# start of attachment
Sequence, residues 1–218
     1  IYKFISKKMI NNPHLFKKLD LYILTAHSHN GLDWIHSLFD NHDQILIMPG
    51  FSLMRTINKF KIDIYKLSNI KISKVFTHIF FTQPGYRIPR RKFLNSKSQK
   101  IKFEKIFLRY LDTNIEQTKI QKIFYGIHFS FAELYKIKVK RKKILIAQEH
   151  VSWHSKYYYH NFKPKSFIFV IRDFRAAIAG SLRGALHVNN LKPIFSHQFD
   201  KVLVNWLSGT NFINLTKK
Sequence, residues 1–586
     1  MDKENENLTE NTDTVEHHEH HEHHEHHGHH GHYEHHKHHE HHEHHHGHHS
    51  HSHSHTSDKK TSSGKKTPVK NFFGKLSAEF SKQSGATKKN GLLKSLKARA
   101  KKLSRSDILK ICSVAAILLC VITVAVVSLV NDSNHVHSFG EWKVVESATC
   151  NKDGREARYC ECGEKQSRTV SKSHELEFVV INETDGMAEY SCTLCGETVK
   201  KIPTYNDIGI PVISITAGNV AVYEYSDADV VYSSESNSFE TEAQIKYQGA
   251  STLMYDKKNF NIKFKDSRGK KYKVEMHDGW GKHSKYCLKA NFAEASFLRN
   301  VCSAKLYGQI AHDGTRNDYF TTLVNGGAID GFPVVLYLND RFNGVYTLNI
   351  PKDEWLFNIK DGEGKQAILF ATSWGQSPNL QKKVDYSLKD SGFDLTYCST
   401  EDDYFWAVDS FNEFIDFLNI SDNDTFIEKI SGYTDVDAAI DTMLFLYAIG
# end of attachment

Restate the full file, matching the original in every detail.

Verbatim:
Sequence, residues 1–218
     1  IYKFISKKMI NNPHLFKKLD LYILTAHSHN GLDWIHSLFD NHDQILIMPG
    51  FSLMRTINKF KIDIYKLSNI KISKVFTHIF FTQPGYRIPR RKFLNSKSQK
   101  IKFEKIFLRY LDTNIEQTKI QKIFYGIHFS FAELYKIKVK RKKILIAQEH
   151  VSWHSKYYYH NFKPKSFIFV IRDFRAAIAG SLRGALHVNN LKPIFSHQFD
   201  KVLVNWLSGT NFINLTKK
Sequence, residues 1–586
     1  MDKENENLTE NTDTVEHHEH HEHHEHHGHH GHYEHHKHHE HHEHHHGHHS
    51  HSHSHTSDKK TSSGKKTPVK NFFGKLSAEF SKQSGATKKN GLLKSLKARA
   101  KKLSRSDILK ICSVAAILLC VITVAVVSLV NDSNHVHSFG EWKVVESATC
   151  NKDGREARYC ECGEKQSRTV SKSHELEFVV INETDGMAEY SCTLCGETVK
   201  KIPTYNDIGI PVISITAGNV AVYEYSDADV VYSSESNSFE TEAQIKYQGA
   251  STLMYDKKNF NIKFKDSRGK KYKVEMHDGW GKHSKYCLKA NFAEASFLRN
   301  VCSAKLYGQI AHDGTRNDYF TTLVNGGAID GFPVVLYLND RFNGVYTLNI
   351  PKDEWLFNIK DGEGKQAILF ATSWGQSPNL QKKVDYSLKD SGFDLTYCST
   401  EDDYFWAVDS FNEFIDFLNI SDNDTFIEKI SGYTDVDAAI DTMLFLYAIG